Lil' Kim: The Naked Truth

Quentin Huff

Lil' Kim fires back at haters and lovers alike with her most assured release yet.

Lil' Kim

The Naked Truth

Label: Atlantic
US Release Date: 2005-09-27
UK Release Date: 2005-09-26
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Let me say it for the record: I'm proud of Lil' Kim. When the woman who introduced herself to the world in a leopard spotted bikini, posing crotch-first for the camera, releases an album titled The Naked Truth, you have to be afraid of what she'll do to top herself (or un-top herself, as the case may be). I'm proud of Lil' Kimberly Jones for resisting the temptation to overdo it on the album cover. Instead, she gives us a close-up of her face, perhaps looking her critics in the eyes. Maybe she looks a little bit like Kelly Clarkson on this cover, but I'm willing to take what I can get.

So what's new in the Queen Bee's hive? Well, there's the media attention from her perjury case, and after being sentenced to a year and a day of jail time, you can tell she can't wait to address it. Who could blame her? After all, she's hip-hop's parallel universe Martha Stewart.

The album opens to camera clicks and chatter from reporters, after which Kim launches into "Spell Check", the Queen's spelling bee for stating her position. It's a lil' like listening to a female K-Solo, the late '80s and early '90s EPMD protégé and Scrabble champ, but she pulls it off, right down to the thumping beat and the Run-DMC "Peter Piper"-like chimes. And oh yeah -- if you'd like to know how she feels about her former Junior Mafia homies, peep this: she's tougher than those "Bitch ass guys / 'Cause they took the stand on the D.A.'s side". Of course, nothing addresses the massive hateration like the album's lead radio single, "Shut Up B***h". She confronts it all, from the rumors that Biggie used to write her rhymes, to her plastic surgeries, to her opinion of a certain hostess of The View ("Star Jones don't like me / She's cheap and I like the best / Damn! It must feel good to pay less").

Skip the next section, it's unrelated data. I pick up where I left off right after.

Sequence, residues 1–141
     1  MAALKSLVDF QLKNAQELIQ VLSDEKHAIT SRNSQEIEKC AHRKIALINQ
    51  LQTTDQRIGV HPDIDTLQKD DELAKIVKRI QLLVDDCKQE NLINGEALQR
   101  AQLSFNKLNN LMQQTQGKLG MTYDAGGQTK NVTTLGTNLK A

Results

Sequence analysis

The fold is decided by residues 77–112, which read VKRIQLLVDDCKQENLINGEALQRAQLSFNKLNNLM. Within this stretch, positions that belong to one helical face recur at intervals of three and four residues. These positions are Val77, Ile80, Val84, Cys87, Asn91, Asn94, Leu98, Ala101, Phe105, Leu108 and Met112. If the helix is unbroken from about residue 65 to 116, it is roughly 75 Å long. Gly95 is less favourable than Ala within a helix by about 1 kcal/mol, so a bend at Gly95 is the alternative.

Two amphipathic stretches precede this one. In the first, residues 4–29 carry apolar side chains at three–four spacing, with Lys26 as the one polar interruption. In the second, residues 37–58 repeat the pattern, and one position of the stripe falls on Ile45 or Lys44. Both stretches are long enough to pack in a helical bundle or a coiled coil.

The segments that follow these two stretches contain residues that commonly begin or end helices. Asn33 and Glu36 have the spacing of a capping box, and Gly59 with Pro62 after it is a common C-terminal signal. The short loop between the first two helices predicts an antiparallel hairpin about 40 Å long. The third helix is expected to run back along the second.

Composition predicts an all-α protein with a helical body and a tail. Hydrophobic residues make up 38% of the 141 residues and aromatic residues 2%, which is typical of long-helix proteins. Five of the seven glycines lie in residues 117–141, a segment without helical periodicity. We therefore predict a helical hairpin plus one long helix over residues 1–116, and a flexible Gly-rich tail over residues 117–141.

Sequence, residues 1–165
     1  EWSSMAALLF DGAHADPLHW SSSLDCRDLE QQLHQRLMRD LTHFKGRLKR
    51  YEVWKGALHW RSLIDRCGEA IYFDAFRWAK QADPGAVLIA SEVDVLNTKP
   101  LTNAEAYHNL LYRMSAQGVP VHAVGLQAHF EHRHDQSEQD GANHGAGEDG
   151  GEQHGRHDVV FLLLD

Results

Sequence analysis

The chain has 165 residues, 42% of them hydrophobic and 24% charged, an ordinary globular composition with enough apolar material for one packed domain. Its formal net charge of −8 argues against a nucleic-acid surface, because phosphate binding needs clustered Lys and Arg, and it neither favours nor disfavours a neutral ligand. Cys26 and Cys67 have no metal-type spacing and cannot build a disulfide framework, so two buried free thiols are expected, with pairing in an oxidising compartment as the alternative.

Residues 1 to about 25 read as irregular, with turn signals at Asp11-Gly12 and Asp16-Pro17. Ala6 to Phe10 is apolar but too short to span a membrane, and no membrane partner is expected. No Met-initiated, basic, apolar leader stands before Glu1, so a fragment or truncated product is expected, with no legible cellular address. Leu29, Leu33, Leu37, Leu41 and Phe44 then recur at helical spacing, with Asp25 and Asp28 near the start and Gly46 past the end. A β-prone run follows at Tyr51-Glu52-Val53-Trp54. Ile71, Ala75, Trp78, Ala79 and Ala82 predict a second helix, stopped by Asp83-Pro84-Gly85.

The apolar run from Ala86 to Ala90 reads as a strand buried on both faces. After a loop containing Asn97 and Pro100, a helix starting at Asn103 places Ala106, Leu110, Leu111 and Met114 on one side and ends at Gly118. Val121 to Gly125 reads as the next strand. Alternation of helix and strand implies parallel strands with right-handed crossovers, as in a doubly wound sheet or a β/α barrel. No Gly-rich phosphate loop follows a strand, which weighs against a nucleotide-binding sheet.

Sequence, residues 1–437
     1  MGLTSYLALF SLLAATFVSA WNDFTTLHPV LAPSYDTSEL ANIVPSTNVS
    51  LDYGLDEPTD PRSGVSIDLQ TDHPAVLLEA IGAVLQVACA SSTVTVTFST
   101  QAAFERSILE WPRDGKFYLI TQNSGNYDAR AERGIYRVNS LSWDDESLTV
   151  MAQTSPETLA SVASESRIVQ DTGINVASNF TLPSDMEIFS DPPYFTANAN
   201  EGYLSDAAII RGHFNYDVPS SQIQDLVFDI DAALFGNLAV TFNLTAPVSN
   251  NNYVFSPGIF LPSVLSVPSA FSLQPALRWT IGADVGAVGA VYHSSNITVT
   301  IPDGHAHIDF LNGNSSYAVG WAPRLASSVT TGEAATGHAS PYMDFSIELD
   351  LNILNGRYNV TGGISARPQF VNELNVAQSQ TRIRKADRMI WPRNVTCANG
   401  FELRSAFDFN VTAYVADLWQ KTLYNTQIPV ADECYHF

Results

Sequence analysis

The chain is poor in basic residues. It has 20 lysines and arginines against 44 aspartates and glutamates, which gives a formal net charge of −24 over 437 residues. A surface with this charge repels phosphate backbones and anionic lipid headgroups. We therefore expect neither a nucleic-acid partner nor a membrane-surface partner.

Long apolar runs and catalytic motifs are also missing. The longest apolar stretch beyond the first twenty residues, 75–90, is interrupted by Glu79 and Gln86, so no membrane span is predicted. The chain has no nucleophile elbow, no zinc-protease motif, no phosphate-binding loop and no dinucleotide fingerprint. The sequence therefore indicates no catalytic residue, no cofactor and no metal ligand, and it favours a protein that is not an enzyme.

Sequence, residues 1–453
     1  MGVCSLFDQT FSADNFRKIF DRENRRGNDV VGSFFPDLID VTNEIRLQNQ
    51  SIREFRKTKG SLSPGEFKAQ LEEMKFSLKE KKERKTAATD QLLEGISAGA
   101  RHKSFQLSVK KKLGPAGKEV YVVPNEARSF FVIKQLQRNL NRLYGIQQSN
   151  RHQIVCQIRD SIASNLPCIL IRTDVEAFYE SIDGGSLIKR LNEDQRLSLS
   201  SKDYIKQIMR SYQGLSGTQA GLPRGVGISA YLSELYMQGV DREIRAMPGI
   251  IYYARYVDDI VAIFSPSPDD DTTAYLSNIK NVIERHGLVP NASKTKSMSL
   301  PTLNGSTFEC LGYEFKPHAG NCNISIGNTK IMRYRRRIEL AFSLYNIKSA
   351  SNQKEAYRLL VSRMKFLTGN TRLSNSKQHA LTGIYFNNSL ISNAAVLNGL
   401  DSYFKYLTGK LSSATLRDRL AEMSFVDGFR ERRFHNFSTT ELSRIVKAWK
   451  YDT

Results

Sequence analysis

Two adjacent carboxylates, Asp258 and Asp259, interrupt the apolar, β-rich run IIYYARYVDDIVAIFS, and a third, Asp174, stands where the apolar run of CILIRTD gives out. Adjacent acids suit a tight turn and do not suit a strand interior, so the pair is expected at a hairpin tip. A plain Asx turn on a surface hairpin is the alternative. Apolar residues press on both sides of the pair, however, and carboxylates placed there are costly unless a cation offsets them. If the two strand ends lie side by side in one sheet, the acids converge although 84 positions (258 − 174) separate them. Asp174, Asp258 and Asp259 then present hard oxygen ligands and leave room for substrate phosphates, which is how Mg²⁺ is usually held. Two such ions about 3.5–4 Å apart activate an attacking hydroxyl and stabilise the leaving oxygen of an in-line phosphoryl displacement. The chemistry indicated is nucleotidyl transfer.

Okay, so Kim has a tasteful album cover and has the guts to confront her critics. Big deal, right? Well, guess what: she's growing up. That's right, the woman who, back in '96, dramatized her erotic dreams of screwing R&B headliners -- yes, the same woman who bragged about keeping her private parts "fresh like Doug E." -- actually has something to say besides sex talk, missing Big Poppa, and hatin' on haters. Don't believe it? Try the second single, "Lighters Up". Quite possibly the best Kim song ever, "Lighters Up" takes us for a stroll through the somber mind of a regular kitten from Brooklyn. It's a tale of urban life and survival, where regular people -- you know, the ones without the bling and the Prada and the fancy cars -- work their butts off to make it each day. Still a disbeliever? Try "Last Days", Kim's personal manifesto. She's not going out until it's her last and final day and she's going to keep working hard at her notorious J.O.B. Sure, it's not exactly Socrates, but it's less shallow than the skin deepness we've seen from Big Momma in the past.

But don't get it twisted. homegirl's got no plans of giving up her title of rap Mae West. She parks the sexually explicit tracks near the album's backdoor. On "Gimme That", Kim and her male friends trade sexual fantasies and bragging rights. Easily the weakest tune on the LP, "Gimme That" could have been omitted entirely or replaced with a bonus track. The real sexiness comes in the form of "Kitty Box" and "Kronik". "Kitty Box" would have made an excellent Eartha Kitt impression. If there's ever a Catwoman 2 with an R or NC-17 rating, "Kitty Box" should make the soundtrack. Meanwhile, "Kronik", featuring Snoop Dogg, pays homage to the Queen's skills in the sack.

Musically, you won't be bored by the sound of Kim's fury. She's got the funky stuff on "Whoa" that resembles the S.O.S band, as well as the Bedstuy reggae of "Lighters Up" and "Durty". Plus, she switches her styles, from her spelling bee flow on "Spell Check", to an Eminem impression on "Quiet", to Kim's version of Bone Thugs N Harmony on "We Don't Give a F**k". Samples on The Naked Truth are used sparingly, and when they do appear they work. For example, "I Know You See Me" is built on a surprisingly well-looped "Whatchu See Is Whatchu Get" by the Dramatics. Meanwhile, "All Good" contains samples of Notorious B.I.G.'s voice pronouncing the title, along with the big man's assorted "Uh"s and "Gangsta"s.

All in all, The Naked Truth is a great musical and lyrical effort, as well as a timely response to the media and the peanut gallery. Anybody out there wondering if Kim has the chops to stay in the game should be satisfied now.

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